In 1727 a peal of five bells was hung in the tower, through the exertions of William Wilberforce, the grandfather of the philanthropist. In 1843 a sixth bell was added. From 1860 to 1863 the church underwent a thorough restoration, both internally and externally, under the direction of Sir Gilbert Scott, at a cost of nearly £10,000. Since that time, however, large sums of money have been expended on the building, which is now one of the ornaments of the town, and further restorations of the tower are shortly to be commenced, under the direction of J. 0. Scott, Esq., the son of Sir Gilbert Scott, at the expense of an anonymous donor.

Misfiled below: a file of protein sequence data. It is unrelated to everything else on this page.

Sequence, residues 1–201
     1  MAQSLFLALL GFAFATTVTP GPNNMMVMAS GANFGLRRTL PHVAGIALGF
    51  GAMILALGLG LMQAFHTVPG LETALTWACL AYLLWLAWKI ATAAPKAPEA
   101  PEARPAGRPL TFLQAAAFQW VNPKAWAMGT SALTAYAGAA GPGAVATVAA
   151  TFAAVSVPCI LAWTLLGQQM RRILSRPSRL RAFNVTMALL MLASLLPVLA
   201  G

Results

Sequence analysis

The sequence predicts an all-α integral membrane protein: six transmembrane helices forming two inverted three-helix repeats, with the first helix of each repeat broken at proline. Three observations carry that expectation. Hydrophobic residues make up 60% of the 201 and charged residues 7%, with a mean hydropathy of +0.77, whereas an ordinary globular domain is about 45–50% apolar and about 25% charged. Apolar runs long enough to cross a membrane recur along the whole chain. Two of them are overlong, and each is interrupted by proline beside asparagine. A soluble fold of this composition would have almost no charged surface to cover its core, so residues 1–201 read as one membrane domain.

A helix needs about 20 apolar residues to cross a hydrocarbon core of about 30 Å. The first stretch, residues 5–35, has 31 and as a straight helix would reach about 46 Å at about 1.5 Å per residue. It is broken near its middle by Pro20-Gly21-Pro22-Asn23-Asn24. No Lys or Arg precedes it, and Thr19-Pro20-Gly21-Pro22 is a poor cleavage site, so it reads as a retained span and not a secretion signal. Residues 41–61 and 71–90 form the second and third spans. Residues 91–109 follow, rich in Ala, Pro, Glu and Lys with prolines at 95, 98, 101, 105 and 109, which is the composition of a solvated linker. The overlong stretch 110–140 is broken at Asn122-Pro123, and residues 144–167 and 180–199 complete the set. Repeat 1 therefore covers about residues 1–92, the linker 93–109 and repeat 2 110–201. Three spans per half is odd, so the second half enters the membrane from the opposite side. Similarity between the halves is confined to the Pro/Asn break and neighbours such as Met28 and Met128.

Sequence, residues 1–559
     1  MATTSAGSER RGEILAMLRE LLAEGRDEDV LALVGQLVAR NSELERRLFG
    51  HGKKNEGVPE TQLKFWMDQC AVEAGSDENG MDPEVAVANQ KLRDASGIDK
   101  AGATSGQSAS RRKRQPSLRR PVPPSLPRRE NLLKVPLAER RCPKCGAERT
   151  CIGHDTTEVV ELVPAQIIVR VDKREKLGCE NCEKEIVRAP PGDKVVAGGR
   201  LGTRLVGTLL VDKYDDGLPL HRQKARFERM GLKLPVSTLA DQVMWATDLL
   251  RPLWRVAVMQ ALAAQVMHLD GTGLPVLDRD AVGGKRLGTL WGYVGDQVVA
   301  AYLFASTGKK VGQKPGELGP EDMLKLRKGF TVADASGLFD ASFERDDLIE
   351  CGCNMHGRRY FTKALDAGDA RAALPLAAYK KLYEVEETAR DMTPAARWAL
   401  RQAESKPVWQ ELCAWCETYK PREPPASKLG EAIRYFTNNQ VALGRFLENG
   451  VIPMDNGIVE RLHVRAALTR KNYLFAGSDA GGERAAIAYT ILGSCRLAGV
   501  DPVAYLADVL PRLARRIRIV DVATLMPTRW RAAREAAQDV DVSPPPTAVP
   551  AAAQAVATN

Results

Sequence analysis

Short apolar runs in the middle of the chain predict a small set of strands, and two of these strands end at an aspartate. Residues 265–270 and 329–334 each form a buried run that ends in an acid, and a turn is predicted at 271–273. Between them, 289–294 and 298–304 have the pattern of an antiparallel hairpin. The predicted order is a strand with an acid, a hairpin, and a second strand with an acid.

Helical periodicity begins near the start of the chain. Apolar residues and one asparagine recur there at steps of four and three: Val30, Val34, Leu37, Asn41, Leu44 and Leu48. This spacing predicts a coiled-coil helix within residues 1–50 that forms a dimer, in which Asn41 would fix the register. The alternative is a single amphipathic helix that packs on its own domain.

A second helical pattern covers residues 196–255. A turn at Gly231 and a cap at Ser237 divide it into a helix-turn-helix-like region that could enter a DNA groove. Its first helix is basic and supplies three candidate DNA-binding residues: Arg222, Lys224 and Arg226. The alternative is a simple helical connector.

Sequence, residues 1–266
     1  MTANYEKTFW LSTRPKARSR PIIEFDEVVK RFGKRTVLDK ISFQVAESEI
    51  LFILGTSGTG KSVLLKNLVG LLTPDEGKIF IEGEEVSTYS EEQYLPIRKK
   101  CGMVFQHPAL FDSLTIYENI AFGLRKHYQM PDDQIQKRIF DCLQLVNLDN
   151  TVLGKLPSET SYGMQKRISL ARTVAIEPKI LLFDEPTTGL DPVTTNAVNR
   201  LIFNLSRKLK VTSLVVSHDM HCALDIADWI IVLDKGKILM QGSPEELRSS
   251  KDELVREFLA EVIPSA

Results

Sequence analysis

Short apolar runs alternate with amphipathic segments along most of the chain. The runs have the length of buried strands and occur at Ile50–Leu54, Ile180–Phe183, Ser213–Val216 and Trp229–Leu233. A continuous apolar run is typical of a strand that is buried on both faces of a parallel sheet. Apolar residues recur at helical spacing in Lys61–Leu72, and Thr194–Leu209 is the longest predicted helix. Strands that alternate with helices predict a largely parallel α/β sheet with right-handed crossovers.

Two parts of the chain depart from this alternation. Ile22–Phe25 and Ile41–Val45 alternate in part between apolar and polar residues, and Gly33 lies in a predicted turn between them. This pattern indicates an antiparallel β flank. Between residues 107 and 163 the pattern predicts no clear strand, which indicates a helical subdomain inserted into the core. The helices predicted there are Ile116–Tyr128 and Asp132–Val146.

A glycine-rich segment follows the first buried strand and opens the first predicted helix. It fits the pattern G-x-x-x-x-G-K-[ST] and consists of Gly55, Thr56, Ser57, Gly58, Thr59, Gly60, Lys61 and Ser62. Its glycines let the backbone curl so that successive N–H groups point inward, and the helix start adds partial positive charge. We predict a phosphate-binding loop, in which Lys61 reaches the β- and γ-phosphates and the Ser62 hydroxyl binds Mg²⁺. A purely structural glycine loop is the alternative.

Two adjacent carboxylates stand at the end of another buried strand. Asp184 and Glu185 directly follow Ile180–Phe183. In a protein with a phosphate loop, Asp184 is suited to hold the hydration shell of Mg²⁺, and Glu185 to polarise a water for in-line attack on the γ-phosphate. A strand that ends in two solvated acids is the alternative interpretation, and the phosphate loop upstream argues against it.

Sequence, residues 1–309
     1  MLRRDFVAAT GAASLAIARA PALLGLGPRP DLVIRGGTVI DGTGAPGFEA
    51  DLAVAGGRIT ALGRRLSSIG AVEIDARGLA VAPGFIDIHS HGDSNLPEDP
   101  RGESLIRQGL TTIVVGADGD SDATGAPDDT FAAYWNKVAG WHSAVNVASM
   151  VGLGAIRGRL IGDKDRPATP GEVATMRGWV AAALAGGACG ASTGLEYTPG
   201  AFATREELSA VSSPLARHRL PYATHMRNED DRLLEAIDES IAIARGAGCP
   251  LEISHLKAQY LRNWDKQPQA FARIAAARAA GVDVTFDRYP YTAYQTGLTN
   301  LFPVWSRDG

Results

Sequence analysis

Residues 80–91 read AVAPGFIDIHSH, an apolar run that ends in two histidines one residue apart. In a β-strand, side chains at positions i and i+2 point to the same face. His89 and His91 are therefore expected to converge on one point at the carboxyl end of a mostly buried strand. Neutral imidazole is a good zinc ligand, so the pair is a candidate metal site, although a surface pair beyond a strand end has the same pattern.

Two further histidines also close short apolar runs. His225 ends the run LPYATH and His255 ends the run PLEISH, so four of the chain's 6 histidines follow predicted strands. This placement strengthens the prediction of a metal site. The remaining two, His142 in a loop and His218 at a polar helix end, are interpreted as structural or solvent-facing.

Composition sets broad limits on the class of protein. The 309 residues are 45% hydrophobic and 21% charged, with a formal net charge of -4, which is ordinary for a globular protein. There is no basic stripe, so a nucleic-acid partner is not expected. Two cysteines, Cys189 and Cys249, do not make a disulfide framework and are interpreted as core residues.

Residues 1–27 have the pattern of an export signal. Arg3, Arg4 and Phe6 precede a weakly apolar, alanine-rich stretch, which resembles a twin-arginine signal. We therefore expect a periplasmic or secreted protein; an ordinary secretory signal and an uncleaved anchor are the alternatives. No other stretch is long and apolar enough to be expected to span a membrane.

The fabric is of stone, varied in character, but principally in the Perpendicular style. The interior of the church is divided into four aisles by three arcades of six moulded arches, springing from finely clustered pillars. No two of the aisles are of the same breadth. Two bays at the east end are appropriated as the chancel. The reredos, of Cæn stone, is in seven panels, the carving and workmanship of the whole being worthy of notice. The pulpit is of oak, and from the design of Sir Gilbert Scott. In the recess at the south-east angle stands the organ, a powerful instrument, built by Snetzler, in 1715, and restored some years ago by Messrs. Forster & Andrews. The stone font is octagon in shape, the sides being charged with quartrefoils, containing the ark, dove, sacred monogram and cross, alternated with foliage - a mass of elaborate decoration. The grandest feature of this church is the stained glass windows, which are 15 in number, and of the aggregate value of over £1,000. For uniformity of tone and delicacy of colour, they are almost unrivalled. There are few monuments in the church worthy of notice, though many of Hull's great and good men are interred either within or without its walls. The most remarkable is one of alabaster, over the north door, to the memory of Alderman William Dobson, who was sheriff in 1615, and mayor in 1647 and 1658. It consists of an effigy of Dobson within a niche, and bears a long Latin inscription. Over the south door is a memorial to the Rev. John Scott, who for upwards of 30 years was vicar of North Ferriby, and for 18 years minister of this church. It is of white marble, with an effigy of the deceased in clerical robes. Suspended on the east wall is an ancient sepulchral brass to the memory of Alderman John Haryson, who was mayor of Hull in 1537, and died in 1545. This brass, which is in excellent preservation, contains the effigies of a man with two wives and three children. The living of this church was held by three vicars of the same name - John Scott. The first was the eldest son of Thomas Scott, the commentator; the second was the restorer of the fabric; and the third the well-known Canon Scott, of Leeds. As a fitting acknowledgment of the labours, entailed by the restoration, the patron of the perpetual curacy, Mr. Abel Smith, M.P., transferred the advowson to the second named John Scott, soon after the renovation, so that the living is now in the hands of this family. The register dates from 1564. The church seats about 1,000 persons. The vicarage and parish room are directly behind the church, and the schools are in Salthouse Lane, close by. The living is a vicarage, of the yearly value of £469, with residence.